By 2008, the hotel was about to be demolished. Due to the challenges faced by the hotel, the Zimbabwe Tourism Authority, which oversees the hospitality industry in the country, withdrew its three star recognition. However, after much protest, it was spared. The hotel is currently owned by Patrick Kombayi, a prominent Gweru businessman, ex-mayor, and politician known for his highly publicised criticism of the current government.
As a result of improvements, The Midlands Hotel clinched second position in the Zimbabwe National Chamber of Commerce’s Best Business enterprise of the year for 2011. The hotel has established adjacent bars to cater for the needs of locals and clients from outside the city including a state-of-the art Casino in a separate bar, while those who enjoy sports can watch it live in the sports bar.
Used by permission, Congregational Library & Archives
The American Board Mission (ABM or American Board) opened its first mission in Southern Rhodesia (Zimbabwe) in 1893. Two years earlier, ABM missionaries Rev. Wilcox and Dr. W.L. Thompson were on an exploratory trip from South Africa. As fate would have it, on the boat to Beira, Portuguese East Africa (Mozambique), fellow passenger Cecil Rhodes overheard them talking about a site for a mission. He responded by giving them a track of land on Zimbabwe’s eastern boarder. On subsequent arrival to the designated area, the missionaries mistook the native African enunciation of the Chirinda forest as Silinda and called the mission site the Mount Silinda (Selinda) Mission.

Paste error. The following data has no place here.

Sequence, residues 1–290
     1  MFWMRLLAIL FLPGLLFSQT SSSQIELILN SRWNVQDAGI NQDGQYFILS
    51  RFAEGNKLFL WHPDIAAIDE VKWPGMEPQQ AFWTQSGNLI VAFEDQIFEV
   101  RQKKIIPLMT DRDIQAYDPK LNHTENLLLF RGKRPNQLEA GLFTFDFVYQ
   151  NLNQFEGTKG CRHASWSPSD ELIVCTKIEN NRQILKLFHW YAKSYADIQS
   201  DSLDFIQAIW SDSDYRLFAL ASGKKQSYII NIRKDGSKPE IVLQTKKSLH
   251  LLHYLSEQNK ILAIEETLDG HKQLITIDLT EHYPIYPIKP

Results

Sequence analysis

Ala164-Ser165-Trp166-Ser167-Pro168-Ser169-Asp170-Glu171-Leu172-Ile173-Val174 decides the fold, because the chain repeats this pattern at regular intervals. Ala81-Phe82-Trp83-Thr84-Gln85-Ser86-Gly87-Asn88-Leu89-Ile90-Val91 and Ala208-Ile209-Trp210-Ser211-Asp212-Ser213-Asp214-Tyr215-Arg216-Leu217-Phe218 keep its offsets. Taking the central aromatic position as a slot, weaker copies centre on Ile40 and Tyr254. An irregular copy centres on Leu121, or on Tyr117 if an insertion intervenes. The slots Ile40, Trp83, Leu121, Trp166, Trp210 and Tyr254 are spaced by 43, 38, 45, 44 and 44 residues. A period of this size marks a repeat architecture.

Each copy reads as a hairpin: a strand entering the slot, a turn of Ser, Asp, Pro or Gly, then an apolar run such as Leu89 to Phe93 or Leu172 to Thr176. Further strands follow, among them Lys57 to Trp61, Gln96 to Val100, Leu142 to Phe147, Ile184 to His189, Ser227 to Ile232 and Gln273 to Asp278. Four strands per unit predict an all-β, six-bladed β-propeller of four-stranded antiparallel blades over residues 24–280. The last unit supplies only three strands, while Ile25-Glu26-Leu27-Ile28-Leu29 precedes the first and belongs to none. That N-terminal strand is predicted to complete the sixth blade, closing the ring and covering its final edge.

“[W]e soon realized that the Mission was located in a U-shaped clearing which was surrounded by those soaring trees of mahogany… They covered Mt. Silinda to the south and Gungunyana to the north, and the bottom of the U to the West. But the U opened to the East upon a great view of the Zona valley, through which ran a small stream, which had its origin in the forest. … The Mission buildings were distributed on the grassy hillsides of the U clearing or opening. The road running down through the U to the school buildings in the center, and eventually the beautiful brick church. … It was a fair-sized self-contained community.”
A significant early contribution of the American Board in Zimbabwe was establishing medical facilities and providing medical care to the surrounding area.In 1912, the dispensary became a full-fledged hospital, “Willis F. Pierce Memorial Hospital” (Mt. Selinda Hospital).
Another contribution was in the area of agriculture. Emory D. Alvord, a trained agriculturist, joined Mt. Silinda in 1919 and introduced western farming practices including use of fertilizers and irrigation schemes. In 1926, he left the mission to take up the position of Director of Native Agriculture for Southern Rhodesian.